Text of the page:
Now this signature with an embedded timestamp and certificate status information is referred to as a long-term digital signature. Anyone can check such signatures without having to contact any online trusted authority. They can see what time the signature was applied and also what the certificate status of the signer was at the time of signing. So it does not matter if later the certificate is revoked or naturally expires, the original digital signature still holds since its status is verified according to the time of signing.
Ascertia uses such long-term signatures on its PDF datasheets and solution sheets. Anyone with the widely distributed Adobe Reader product can view the PDF and also see the signature (and embedded timestamp and certificate status information). Since we use a certified signature type no one can change the content of the document without breaking the digital signature. Our documents remain fully trusted to the life of the CA - currently until 2023!
Long-term signature formats
There are many standard specifications and profiles for long-term signatures. Ascertia is a world leader in supporting all popular signature formats within its server, desktop and applet products, whether it’s PAdES (PDF long-term signature type), XAdES (XML long-term signature) or CAdES (CMS based long-term signature). See the relevant PDF and ETSI specifications if you require more information on these standard formats.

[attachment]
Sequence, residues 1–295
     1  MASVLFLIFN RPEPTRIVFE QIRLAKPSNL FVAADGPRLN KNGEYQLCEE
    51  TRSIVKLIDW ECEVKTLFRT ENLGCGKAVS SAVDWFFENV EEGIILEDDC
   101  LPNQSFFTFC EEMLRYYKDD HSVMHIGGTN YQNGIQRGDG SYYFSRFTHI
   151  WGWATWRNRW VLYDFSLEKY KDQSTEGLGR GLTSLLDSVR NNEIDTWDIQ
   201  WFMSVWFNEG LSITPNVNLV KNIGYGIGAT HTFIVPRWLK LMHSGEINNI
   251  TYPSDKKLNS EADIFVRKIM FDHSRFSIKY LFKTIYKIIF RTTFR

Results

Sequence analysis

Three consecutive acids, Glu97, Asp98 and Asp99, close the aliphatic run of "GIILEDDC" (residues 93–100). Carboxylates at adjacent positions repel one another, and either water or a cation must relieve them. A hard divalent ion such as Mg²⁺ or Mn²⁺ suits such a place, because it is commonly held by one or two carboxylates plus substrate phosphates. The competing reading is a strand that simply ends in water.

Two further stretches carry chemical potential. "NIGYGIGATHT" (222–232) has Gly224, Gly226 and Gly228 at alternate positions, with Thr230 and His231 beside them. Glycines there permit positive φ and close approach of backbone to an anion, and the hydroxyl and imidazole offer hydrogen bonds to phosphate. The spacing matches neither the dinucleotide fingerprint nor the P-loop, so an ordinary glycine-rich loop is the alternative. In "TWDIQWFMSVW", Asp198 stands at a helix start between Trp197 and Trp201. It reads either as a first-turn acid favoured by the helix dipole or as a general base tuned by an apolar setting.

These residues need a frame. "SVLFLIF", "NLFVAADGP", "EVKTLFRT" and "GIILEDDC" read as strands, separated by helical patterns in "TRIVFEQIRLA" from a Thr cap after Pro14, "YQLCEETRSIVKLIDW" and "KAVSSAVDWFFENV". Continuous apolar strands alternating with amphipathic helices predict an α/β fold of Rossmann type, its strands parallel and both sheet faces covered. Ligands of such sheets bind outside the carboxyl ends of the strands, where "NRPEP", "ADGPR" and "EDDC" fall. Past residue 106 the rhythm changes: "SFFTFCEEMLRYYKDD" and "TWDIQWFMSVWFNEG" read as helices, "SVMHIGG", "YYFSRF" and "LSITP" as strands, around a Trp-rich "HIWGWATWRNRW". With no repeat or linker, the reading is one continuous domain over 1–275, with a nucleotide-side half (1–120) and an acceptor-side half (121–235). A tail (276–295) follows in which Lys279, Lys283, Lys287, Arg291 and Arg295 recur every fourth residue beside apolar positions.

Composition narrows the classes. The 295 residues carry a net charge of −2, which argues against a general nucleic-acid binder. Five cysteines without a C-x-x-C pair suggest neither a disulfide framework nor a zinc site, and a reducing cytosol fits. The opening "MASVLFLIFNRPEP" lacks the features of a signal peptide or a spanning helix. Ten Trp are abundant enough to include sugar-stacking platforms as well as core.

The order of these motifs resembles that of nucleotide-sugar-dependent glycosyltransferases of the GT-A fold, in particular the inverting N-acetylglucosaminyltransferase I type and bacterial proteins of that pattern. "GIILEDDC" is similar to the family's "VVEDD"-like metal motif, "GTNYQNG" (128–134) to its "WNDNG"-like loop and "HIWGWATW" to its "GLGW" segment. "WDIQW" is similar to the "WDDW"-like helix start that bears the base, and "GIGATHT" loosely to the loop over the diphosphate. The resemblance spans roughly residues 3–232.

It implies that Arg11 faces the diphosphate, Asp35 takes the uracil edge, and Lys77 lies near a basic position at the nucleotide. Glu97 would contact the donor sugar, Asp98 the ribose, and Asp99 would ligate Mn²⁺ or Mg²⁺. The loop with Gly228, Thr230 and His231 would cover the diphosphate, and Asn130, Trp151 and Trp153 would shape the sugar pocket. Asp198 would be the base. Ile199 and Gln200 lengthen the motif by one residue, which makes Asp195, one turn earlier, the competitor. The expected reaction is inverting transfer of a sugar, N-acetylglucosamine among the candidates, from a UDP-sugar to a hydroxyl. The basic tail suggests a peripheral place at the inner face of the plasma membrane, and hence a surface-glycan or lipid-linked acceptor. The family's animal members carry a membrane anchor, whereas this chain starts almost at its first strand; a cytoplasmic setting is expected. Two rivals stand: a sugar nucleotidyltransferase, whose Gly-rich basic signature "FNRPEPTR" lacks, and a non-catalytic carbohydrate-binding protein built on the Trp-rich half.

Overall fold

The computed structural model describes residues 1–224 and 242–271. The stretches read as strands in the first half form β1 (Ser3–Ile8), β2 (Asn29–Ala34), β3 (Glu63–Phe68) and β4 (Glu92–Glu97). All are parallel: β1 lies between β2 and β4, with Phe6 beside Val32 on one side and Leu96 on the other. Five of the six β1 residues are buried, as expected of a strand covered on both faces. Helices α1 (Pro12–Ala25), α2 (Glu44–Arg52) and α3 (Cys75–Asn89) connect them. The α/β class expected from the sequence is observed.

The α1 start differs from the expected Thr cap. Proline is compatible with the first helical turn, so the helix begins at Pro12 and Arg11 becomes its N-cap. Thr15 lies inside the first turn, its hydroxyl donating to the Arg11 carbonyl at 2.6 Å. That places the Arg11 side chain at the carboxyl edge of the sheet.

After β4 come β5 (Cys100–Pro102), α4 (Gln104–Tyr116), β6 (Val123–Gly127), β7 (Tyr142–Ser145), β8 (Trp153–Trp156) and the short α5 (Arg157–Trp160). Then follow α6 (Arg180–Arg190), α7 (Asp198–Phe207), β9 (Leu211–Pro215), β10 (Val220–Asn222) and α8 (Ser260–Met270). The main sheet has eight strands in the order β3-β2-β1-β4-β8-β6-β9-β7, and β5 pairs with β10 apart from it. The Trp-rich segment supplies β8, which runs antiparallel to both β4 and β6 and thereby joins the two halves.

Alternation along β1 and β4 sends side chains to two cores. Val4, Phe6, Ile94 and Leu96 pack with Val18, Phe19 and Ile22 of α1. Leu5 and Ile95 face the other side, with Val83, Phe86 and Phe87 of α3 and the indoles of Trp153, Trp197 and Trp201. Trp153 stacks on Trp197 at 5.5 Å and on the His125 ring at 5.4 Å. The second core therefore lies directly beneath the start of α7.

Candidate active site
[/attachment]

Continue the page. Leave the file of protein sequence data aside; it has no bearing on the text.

Enhancing basic signatures to long-term signatures
In the description above, the signer creates the long-term signature at the time of signing a document. This is not the only method of creating long-term signatures. It is possible that the signer creates only a basic signature, e.g. because the signer is offline. In such cases a central verifying application can enhance and convert the basic signature into a long-term signature by embedding the timestamp and certificate status information into the signature. This is a quite common approach, e.g. one of our EU central bank customers uses this approach. So for most signature formats it does not matter whether the signer creates the long-term signature or the central receiving / verifying application does, ADSS Server supports both options.
Long-term digital signatures are essential if the signed documents need to be verified months or years later. There are many advanced digital signature standard formats for long-term verification. Ascertia ADSS Server and Go>Sign Applet are true world class, leading products in supporting advanced long-term signatures and enabling their use in many flexible ways to support the business process.
Ascertia ADSS Server also offers the underlying infrastructure services for certificate issuance, validation (CRLs, OCSP, and even XKMS and SCVP servers) as well as Time Stamp Authority server.